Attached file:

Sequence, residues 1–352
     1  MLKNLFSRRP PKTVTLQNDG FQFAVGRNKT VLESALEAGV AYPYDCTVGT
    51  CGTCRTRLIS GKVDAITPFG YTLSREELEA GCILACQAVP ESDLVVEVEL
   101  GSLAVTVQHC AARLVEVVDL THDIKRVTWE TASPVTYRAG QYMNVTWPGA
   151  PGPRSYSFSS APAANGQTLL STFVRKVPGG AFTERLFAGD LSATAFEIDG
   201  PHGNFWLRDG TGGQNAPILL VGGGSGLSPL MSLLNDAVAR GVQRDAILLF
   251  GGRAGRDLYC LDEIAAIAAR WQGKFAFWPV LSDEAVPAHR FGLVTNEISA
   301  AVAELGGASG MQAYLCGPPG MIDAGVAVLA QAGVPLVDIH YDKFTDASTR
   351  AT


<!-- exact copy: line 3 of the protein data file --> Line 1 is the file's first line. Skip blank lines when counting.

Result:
    51  CGTCRTRLIS GKVDAITPFG YTLSREELEA GCILACQAVP ESDLVVEVEL